THE BEST MOVIES OF 2014

I thought I was going to start this blog by telling you I didn’t think 2014 was a very good year for adult flicks.  Then I looked back to my nominations for 2013 and found I didn’t think there were that many really good movies that year either.

So what’s going on?  I think I’ve become somewhat jaded and at the same time, the studios seem to concentrate on their big gambles on comic book exploits and super techno action/war stories, none of which I’m very interested in.

Here were my nominees for the outstanding films of 2013:

  • The Sapphires
  • Lee Daniels, The Butler
  • Enough Said
  • Gravity

Probably all are still available as DVD rentals or on Netflix.

Now to 2014.  We have almost twice the nominations this year than we had last, so all in all it was a pretty good year on the silver screen.  By the way, the N.Y. Times reported they reviewed about 950 films in 2014.

Fading Gigolo – With John Turturo and Woody Allen.  It’s funny and entertaining, and like an old Woody Allen flick.  Very enjoyable!  Great jazz music, too!

The Lunchbox – About lunches regularly delivered in Mumbai to office workers.  A relationship begins to develop over one that is wrongly delivered.  Interesting story, well done, with some English and subtitles.

Chef – A delightful, entertaining flick with a lot of Cuban music and salivating food that makes you hungry.  The cast is really good and the kid is terrific.  Fun, entertaining movie.

A Most Wanted Man – An interesting and intriguing anti-terrorism investigation by rival governmental agencies with outstanding performances by Phillip Seymour Hoffman and a stellar cast of spies and spy chasers.

The Skeleton Twins – A well-crafted, very realistic evolvement of a sibling relationship,  starring Kristen Wiig and Bill Hader, who play off each other with comedy and pathos.

Gone Girl – An intriguing, evolving story, starring Ben Afleck and Rosamund Pike (beautiful), maybe a better movie than the book of the same name.  A little long.  Lots happening to keep your interest.  Well done.

Selma – A timely reconstruction of the events in Selma, Alabama, in 1965 and the internal quarrel over strategy, tactics and the moral future of America by the close-knit people surrounding Martin Luther King.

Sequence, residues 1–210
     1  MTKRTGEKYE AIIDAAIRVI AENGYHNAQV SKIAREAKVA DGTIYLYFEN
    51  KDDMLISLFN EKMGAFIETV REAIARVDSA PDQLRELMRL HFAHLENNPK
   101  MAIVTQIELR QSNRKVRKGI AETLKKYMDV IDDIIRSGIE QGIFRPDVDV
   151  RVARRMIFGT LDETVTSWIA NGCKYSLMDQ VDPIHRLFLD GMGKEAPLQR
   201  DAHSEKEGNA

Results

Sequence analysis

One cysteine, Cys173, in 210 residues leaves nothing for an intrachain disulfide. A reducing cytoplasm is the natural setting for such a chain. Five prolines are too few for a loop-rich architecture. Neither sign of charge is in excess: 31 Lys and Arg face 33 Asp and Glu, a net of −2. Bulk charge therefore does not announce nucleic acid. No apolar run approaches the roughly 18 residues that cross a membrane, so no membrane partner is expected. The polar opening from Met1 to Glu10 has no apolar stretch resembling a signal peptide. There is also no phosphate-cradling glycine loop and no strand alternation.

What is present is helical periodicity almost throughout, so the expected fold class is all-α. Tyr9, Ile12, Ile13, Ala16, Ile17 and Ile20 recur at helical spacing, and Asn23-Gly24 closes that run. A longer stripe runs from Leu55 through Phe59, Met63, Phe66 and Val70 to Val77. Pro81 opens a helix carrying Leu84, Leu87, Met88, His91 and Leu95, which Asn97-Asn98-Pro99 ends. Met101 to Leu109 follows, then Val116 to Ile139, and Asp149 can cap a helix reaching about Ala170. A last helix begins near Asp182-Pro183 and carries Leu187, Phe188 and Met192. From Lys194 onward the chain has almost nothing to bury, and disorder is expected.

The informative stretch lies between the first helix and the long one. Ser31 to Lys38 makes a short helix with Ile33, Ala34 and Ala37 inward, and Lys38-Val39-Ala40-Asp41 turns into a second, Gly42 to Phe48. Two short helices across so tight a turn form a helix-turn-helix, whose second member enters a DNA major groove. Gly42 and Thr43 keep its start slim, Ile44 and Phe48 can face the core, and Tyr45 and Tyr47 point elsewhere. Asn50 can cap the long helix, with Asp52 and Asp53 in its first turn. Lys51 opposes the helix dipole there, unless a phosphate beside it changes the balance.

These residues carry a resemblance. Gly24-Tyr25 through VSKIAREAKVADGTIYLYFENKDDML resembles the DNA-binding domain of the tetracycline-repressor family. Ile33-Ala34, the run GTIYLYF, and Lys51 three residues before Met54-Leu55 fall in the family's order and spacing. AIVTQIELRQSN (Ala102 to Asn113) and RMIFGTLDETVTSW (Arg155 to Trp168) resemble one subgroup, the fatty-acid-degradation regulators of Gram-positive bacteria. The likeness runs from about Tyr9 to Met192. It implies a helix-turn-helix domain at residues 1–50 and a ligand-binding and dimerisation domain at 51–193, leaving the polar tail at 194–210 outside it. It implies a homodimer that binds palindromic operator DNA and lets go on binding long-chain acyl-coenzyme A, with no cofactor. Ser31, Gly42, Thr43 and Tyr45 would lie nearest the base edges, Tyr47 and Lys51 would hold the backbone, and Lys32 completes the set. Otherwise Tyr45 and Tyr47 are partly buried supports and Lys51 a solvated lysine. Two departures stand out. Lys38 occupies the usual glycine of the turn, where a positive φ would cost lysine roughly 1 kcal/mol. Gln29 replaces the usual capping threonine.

Mr. Turner – An earthy, messy, altogether sublime portrait of the great 19th century British painter played by Timothy Spall in a bravura performance.

Then there were some good films not quite outstanding but worth seeing:

Boyhood – All the hoopla about this flick is that it was filmed over 12 years.  That by itself is quite an achievement and it is an interesting story of a boy growing up.

The Theory of Everything – The story of Steven Hawkins with an unbelievable performance by Eddie Redmayne.  I was afraid it would be depressing, but in a sense it was somewhat uplifting.

Wild – The true life  of a young woman played convincingly by Reese Witherspoon who begins a 1,000-mile trek up the Pacific Coast Trail in an effort to find herself.  Well done, except she doesn’t wear a hat.

Foxcatcher – Another true story of the antics of a Dupont heir who tries to fulfill his fantasy of being a wrestling coach.  It features another great performance by Steve Carell, not as a comedian.

Nightcrawler – The story of the TV news paparazzi and the growth of one in particular well played by Jake Gyllenhaal with a miscast Rene Russo.

And the quirkiest film of the year:

The Grand Budapest Hotel – Another Wes Anderson flick that tickles your imagination, as well as your funny bone.

All in all, it was probably a better year for movies than we’ve had in a while.

ArtSchwartzSig

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